About 35 years earlier King David located the Ark of the Covenant in Jerusalem's City of David. Fragmented political circumstances made him abundantly aware he would not be the one to build the temple, that honor would be left for his son Solomon. Always on his mind King David planned every last detail and gathered materials for the temple construction. He was determined to be associated with the Ark’s final place of rest. Before David was anointed King over all the tribes he studied with Prophet Shmuel (Samuel) to discover where the Ark should be permanently located. Together they learned the book of Yehoshua, particularly the territorial boundary of Binyamin and Yehuda, the critical point that identifies the prescribed location of the altar as required for building the temple and by which the Ark obtains its relative position. He also studied with Prophet Nathan as he continued to plan the temples intricate details and he argued vehemently about its proper place with Do'eg Israel's greatest scholar. Throughout his tenure King David had been unable to deduce the Altar's place and therefore the Ark's ultimate location according to Jewish law.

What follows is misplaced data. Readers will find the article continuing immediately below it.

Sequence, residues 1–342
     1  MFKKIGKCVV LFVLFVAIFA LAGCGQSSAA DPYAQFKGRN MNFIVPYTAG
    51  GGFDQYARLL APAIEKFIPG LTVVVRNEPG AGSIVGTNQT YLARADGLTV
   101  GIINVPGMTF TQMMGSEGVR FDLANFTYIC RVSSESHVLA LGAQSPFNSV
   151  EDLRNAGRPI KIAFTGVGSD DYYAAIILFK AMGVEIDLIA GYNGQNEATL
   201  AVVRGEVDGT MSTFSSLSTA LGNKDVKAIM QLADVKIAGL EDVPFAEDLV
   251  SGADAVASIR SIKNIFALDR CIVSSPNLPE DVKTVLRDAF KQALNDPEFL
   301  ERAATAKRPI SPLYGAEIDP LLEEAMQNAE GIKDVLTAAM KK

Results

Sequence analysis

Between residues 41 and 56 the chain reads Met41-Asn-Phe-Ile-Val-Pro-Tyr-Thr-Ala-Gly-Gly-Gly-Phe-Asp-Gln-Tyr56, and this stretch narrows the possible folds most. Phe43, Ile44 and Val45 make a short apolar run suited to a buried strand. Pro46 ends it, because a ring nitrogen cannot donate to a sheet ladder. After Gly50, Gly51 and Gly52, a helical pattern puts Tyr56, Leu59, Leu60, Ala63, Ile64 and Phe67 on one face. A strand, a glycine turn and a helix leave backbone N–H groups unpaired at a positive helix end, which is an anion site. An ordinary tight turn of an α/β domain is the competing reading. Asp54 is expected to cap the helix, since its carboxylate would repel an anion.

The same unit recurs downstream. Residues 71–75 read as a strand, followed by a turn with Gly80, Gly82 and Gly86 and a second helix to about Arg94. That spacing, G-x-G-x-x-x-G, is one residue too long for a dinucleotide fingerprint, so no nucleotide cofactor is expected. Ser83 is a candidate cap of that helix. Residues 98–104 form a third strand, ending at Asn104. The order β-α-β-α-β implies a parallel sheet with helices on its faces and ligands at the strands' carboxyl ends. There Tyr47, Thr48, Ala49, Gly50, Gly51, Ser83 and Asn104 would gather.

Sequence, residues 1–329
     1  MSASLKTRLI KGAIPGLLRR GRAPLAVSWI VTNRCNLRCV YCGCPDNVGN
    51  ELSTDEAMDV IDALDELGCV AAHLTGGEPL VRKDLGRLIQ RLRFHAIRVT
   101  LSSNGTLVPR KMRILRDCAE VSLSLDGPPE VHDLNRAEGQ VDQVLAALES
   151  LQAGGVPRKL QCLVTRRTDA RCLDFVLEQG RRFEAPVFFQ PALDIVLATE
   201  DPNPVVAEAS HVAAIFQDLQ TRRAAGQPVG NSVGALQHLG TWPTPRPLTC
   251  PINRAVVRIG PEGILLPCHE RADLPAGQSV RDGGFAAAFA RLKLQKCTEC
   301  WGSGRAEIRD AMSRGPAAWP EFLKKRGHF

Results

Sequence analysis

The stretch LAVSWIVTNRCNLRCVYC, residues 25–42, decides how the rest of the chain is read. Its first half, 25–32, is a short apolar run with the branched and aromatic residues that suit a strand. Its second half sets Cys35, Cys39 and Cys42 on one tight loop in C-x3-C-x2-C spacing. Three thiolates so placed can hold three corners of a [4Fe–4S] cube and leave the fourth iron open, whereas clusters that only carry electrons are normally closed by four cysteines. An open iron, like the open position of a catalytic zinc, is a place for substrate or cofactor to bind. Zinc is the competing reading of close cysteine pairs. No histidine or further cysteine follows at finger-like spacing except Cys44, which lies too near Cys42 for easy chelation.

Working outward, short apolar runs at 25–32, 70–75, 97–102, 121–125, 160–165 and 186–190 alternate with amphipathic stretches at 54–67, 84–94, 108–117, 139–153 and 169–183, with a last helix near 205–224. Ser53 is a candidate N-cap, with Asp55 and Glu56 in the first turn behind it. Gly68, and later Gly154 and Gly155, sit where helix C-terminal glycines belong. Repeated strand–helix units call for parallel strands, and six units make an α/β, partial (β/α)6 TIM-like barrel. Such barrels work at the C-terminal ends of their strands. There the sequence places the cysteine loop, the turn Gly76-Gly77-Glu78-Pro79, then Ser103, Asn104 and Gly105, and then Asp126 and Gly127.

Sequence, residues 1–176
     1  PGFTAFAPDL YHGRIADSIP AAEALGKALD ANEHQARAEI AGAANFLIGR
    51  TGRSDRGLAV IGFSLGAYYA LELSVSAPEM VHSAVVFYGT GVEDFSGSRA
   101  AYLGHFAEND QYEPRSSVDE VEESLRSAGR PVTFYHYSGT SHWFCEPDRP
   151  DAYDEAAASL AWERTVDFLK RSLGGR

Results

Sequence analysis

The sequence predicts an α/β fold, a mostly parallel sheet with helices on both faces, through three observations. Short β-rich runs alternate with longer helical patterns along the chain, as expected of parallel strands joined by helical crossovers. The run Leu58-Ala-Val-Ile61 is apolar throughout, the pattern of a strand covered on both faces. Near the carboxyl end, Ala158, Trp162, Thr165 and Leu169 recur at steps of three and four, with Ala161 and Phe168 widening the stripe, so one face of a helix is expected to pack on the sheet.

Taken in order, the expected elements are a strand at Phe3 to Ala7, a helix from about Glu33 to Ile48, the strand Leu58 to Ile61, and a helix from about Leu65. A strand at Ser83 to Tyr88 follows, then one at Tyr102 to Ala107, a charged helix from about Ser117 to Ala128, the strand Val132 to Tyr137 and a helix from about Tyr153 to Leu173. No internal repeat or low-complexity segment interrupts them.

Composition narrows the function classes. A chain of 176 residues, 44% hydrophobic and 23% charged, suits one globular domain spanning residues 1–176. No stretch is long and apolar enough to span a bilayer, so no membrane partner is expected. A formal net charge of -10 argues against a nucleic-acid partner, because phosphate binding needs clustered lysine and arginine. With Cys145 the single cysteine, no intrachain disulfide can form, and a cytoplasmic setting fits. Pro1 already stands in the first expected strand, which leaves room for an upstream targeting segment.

As a result of the ill fated census, a series of unfortunate events presented King David the political opportunity to finalize the temple location. The nation was punished with severe drought during which the King repented for his actions and those of the nation. In order to release the nation from its desperate state Gad, the prophet and seer, advised the King to make a national choice:- Three years of famine, three months fleeing invading enemies or three days of plague? King David chose the latter and the plague ravaged 70,000 Israelites, but before the allotted time was up God stopped His angel of death as it was about to reign pestilence on the people of Jerusalem (Mount Zion and Mount Moriah - The City of David). The angel challenged God over His broken deal, in response God offered Avishai, Yoav’s brother, the King’s most loyal follower lost his life. In the moment of this national pandemonium, David begged God’s forgiveness and Gad advised the King to make an altar at the site the King had seen the angel was standing poised to destroy[1] Jerusalem. The site belonged to the Jebusite King Ornan (Araunah) who lived in Jerusalem during David's entire reign, it was his threshing floor on the top of Mount Moriah.